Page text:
Preparation of PDB file before docking

2. Open the PDB file and remove HETATOMS.

1. Download a protein crystal structure from PDB. We are using Human Serum Albumin complexed with 3-carboxy-4methyl-5-propyl-furanpropanoic acid (CMPF) (PDB ID: 2BXA).

The structure we are using is a crystal structure complexed with ligand(s), therefore, to dock the desired ligand with the protein in that particular position we need to remove the bound ligand by removing hetatoms from the PDB file. If we will dock our ligand without removing the already complexed ligand, then we will not get correct results. We can also easily remove ligand by visualizing the protein in PyMol.

Before proceeding further, we should make clear that whether we know the catalytic site of the protein or not. If we know then we can easily go to step 2, but if we don’t know, then we have

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3. After removing hetatoms, we will keep only one of the four chains (here, Chain A was taken) and remove rest of the three chains and save this file as “protein.pdb” The chains are removed from the protein structure just to avoid the complexity. 4. Now save the “protein.pdb”.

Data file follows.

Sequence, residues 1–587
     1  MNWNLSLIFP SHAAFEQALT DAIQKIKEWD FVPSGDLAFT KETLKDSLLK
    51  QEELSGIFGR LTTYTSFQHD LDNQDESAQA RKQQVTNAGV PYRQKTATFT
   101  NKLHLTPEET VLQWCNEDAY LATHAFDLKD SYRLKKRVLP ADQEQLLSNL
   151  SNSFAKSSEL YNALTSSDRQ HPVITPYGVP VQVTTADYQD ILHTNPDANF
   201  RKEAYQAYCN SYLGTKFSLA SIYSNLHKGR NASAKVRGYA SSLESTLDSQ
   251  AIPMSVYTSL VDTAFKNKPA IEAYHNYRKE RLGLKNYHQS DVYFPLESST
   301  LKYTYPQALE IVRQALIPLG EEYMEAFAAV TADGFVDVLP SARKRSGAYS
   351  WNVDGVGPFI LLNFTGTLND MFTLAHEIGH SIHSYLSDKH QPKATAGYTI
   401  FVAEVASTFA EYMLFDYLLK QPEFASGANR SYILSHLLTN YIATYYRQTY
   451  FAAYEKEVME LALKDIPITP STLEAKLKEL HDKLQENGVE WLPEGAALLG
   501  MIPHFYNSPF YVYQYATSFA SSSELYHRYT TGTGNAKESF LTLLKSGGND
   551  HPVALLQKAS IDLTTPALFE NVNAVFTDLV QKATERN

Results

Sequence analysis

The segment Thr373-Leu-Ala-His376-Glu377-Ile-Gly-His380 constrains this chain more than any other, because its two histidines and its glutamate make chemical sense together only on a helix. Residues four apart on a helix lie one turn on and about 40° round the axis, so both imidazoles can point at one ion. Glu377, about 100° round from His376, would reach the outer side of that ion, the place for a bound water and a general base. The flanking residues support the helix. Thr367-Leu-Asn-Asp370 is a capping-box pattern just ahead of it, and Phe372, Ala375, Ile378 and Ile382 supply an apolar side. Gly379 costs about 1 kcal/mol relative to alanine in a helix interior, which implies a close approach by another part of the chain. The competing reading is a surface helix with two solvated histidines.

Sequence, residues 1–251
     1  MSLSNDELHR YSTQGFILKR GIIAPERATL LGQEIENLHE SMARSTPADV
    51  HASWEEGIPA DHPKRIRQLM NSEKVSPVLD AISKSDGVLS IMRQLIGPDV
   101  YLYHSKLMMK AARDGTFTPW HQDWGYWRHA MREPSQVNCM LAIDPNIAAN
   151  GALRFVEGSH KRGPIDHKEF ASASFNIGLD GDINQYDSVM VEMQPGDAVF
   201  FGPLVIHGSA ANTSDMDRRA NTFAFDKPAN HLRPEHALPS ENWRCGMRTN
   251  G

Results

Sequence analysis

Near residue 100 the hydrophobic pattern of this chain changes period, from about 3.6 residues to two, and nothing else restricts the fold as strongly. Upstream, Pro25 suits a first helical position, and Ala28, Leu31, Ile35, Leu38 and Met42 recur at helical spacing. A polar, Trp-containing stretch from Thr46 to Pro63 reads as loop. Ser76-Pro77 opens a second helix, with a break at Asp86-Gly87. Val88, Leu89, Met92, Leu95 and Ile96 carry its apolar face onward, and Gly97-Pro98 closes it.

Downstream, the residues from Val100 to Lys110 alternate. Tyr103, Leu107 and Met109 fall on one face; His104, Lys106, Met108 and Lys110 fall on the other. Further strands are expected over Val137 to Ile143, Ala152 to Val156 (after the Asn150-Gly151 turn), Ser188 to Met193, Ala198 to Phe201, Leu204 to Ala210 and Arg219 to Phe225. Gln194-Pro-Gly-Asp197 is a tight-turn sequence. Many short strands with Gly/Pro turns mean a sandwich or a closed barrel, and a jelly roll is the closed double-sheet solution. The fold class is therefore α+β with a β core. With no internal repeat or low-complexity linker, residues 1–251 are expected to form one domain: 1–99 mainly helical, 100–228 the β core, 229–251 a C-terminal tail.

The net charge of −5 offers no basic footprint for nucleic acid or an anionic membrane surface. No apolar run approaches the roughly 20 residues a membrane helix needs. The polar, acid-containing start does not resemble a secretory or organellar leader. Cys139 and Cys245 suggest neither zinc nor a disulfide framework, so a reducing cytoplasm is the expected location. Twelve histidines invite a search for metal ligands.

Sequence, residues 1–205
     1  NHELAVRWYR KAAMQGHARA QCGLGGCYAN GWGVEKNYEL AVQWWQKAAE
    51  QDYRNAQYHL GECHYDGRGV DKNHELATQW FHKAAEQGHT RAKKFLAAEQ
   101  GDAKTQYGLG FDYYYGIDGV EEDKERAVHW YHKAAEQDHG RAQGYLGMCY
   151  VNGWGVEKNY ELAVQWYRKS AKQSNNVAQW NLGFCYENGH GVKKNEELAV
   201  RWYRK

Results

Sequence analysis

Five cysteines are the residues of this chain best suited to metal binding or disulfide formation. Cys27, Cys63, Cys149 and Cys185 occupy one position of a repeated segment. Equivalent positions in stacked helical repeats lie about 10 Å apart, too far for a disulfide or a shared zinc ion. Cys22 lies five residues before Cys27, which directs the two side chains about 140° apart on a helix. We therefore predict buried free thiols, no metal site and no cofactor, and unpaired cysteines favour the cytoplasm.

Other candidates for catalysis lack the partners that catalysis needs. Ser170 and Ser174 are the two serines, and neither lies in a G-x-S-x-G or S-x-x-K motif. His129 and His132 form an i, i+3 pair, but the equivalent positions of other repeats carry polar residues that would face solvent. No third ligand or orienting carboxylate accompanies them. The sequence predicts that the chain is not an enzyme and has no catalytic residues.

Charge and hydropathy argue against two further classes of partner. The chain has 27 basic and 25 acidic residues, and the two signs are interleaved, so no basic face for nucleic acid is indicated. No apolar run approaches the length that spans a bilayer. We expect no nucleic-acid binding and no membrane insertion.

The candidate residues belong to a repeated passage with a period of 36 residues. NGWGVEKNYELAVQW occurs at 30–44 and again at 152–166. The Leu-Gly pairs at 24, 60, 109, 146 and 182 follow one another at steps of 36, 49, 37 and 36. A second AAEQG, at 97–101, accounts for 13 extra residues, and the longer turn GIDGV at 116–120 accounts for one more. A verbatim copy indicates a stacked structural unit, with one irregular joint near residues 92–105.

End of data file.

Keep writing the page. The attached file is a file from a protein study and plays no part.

file

as

Now we have prepared our protein structure to proceed further for docking. Now we will prepare our ligand which we want to dock with the protein. Preparation of ligand before docking 5. Open PubChem (www.pubchem.ncbi.nlm.nih.go v) and search for the compound. We are using “sodium octanoate” as a ligand. We can download the structure from ZINC database also. 6. Click on Sodium octanoate and look under “3D Structure” section, click on “Download” and then you will see four different formats for downloading it. We will download the .SDF format. 7. Since we need the protein and the ligand to be in a .pdb format, therefore, we have to convert

.SDF to .pdb. We will use PyMol for this purpose and never use online converters because they may ruin your ligand file. 8. Open PyMol, and open the downloaded ligand. Click on “File” --> “Save Molecule” --> select the molecule --> click “OK”. You can save it to your desired folder. We will rename the ligand as “SO.pdb” just to avoid any kind of confusion. Now we have a PDB file of protein and that of ligand. In order to perform docking, we need to prepare .pdbqt files from the .pdb files of the protein and the ligand, because docking through AutoDock Vina requires .pdbqt file format to dock. Preparation of .pdbqt files First, we will prepare a .pdbqt file of the ligand. 1. Open AutoDock Vina --> click “Ligand” --> click “Input”--> click “Open” It will ask to select your ligand, we will go to the folder where we have saved our ligand’s .pdb file and click “SO.pdb”. 2. Click “Ligand” --> click “Torsion Tree” --> click “Detect Root”.